Pre-closure SV arrhythmias were detected in 51 patients (23%) who were all asymptomatic. Transient episodes of AF were detected in 9 patients (4%); sporadic ectopic beats in 36 patients (16.3%), and ST in 6 patients (2.7%). Paroxysmal AF represented 18% of all arrhythmias. At 3- to 6-month Holter monitoring, SV arrhythmias were present in 48 patients (21.7%). Transient episodes of AF were detected in 11 patients (4.9%), sporadic ectopic beats in 33 patients (14.9%), and SV tachycardia in 4 patients (1.8%). AF represented 22.9% of all post-procedural arrhythmias. In synthesis, 29 patients presented SV arrhythmias before and after PFO closure, 21 patients had arrhythmias only before PFO closure and 18 patients had arrhythmias only after PFO closure. All the 9 patients presenting AF before PFO closure had the same arrhythmia after the procedure. At multivariate analysis, the only predictor of post-closure arrhythmias was the presence of pre-closure arrhythmias (p < 0.0001) (Table 1).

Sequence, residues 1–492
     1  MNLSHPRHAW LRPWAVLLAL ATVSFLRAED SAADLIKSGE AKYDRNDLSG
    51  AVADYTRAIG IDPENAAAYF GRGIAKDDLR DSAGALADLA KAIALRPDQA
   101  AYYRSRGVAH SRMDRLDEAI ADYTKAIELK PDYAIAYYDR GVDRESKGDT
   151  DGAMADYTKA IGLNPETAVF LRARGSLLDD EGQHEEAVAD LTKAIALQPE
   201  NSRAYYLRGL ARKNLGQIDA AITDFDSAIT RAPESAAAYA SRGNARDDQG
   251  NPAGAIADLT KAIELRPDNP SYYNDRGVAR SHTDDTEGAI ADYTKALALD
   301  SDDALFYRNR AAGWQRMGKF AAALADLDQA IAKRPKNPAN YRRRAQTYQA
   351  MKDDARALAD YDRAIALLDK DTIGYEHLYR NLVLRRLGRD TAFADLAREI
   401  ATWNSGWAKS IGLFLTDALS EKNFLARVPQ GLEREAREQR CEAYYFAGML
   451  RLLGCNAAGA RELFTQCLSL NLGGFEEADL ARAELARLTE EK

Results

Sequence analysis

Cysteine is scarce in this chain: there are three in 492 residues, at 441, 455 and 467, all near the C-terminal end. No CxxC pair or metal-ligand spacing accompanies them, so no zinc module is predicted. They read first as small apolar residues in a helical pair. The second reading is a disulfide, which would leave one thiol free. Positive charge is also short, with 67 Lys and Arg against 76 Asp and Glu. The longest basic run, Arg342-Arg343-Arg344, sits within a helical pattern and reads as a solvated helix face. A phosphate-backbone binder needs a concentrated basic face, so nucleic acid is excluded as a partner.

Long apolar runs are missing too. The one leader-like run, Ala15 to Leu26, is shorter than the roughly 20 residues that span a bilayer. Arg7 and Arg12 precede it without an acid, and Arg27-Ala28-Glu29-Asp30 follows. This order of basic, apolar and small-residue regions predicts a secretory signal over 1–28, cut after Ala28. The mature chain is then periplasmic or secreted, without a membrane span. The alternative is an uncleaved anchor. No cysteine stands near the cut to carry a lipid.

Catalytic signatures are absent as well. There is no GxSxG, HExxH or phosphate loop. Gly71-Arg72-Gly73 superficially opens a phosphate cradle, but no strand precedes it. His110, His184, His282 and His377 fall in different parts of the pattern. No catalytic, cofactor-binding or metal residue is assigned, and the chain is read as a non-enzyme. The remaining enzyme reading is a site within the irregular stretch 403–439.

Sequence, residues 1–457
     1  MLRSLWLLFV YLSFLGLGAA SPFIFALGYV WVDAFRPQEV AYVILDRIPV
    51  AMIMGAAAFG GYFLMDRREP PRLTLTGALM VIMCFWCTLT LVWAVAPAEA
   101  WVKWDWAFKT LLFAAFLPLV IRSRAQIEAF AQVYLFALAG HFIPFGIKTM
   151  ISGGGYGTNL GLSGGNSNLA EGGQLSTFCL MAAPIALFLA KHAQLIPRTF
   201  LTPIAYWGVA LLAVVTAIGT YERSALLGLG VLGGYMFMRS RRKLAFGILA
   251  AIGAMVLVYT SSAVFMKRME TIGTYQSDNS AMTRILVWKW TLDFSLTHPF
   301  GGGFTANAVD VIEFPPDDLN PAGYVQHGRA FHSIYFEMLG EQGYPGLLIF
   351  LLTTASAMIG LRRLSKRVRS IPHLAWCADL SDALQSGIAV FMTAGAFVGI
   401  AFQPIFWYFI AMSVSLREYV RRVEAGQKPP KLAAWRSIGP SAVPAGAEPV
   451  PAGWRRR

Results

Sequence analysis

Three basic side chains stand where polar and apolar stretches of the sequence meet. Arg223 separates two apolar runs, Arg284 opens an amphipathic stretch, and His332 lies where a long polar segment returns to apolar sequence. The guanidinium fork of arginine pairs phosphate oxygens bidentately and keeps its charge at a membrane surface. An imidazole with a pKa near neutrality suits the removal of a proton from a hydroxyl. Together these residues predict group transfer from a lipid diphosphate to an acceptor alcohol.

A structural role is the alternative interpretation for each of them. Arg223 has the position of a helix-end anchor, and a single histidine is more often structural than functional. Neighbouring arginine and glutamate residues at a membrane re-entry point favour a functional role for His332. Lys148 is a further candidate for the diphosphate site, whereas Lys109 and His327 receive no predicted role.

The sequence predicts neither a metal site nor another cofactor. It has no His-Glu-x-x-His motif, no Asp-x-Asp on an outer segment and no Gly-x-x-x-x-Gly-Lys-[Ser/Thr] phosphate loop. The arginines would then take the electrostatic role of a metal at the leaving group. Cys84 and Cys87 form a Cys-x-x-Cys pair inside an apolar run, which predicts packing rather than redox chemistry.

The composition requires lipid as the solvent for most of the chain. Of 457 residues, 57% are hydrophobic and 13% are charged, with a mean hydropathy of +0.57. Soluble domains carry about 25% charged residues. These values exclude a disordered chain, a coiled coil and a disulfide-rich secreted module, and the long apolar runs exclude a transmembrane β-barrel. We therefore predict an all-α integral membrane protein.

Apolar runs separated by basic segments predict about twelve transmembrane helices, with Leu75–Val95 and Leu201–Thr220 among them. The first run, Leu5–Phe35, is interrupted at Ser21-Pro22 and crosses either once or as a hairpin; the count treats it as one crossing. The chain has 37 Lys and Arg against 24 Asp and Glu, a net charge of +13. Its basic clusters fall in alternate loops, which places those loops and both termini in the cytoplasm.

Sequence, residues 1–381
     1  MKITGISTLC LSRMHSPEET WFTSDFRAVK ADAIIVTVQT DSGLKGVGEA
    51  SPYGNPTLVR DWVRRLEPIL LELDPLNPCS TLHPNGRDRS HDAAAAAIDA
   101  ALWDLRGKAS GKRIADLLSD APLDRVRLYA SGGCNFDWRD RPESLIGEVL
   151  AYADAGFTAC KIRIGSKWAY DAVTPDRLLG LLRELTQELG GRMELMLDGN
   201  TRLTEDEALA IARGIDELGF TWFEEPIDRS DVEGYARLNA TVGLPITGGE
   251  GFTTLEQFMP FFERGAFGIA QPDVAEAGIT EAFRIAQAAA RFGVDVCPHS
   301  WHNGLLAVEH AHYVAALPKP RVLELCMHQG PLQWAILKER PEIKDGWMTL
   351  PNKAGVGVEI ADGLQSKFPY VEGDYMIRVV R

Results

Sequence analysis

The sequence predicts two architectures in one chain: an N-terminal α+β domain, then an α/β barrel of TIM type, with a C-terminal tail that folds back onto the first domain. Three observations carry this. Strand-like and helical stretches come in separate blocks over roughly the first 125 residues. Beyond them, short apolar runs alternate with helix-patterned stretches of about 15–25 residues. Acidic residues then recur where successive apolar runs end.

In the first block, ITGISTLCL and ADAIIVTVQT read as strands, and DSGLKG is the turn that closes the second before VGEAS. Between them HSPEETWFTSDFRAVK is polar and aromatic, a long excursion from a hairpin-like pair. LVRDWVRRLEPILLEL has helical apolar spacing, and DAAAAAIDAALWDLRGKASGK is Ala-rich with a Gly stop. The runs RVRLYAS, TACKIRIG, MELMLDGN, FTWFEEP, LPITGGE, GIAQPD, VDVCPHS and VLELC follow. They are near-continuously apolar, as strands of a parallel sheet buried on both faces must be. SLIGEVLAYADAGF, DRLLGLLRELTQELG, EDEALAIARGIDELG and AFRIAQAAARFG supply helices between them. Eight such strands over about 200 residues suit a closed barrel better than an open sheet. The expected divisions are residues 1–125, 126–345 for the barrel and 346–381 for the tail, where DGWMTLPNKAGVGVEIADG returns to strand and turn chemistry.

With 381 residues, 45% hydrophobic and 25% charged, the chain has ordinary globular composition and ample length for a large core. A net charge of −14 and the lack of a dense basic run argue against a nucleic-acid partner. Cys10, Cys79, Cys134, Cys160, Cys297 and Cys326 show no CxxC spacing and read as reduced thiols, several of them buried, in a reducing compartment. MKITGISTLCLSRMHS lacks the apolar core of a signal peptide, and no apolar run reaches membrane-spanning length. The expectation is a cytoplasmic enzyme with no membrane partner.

Our study has the unique peculiarity in being specifically designed to investigate the effect of percutaneous PFO closure upon post-procedural atrial arrhythmias. All patients included in the study underwent 1 to 3 months before closure to rhythm monitoring by using traditional 24-/48-h Holter-ECG recording or external loop recorder monitoring (one-third). ECG recording has been repeated 3 to 6 months after transcatheter PFO closure, a time interval considered optimal for the anatomical stabilization of the device. The main finding of our study is that percutaneous PFO closure is not per se an inductor for post-procedural atrial arrhythmias; indeed, the only predictor of post-procedural arrhythmias appear to be the presence of arrhythmias before PFO closure. Interestingly, the majority of patients with post-procedural arrhythmias had the same arrhythmias before PFO closure thus suggesting an intrinsic increased susceptibility to develop rhythm disturbances (4). Indeed, at multivariate analysis we could not identify any predictors of post-procedural arrhythmias except pre-closure arrhythmias. In particular, residual RLS, device type and size, atrial and PFO anatomical features were not predictive of post-procedural arrhythmias. This finding suggests that the device-related atrial mechanical stretch per se does not increase electrical vulnerability in nonsusceptible patients.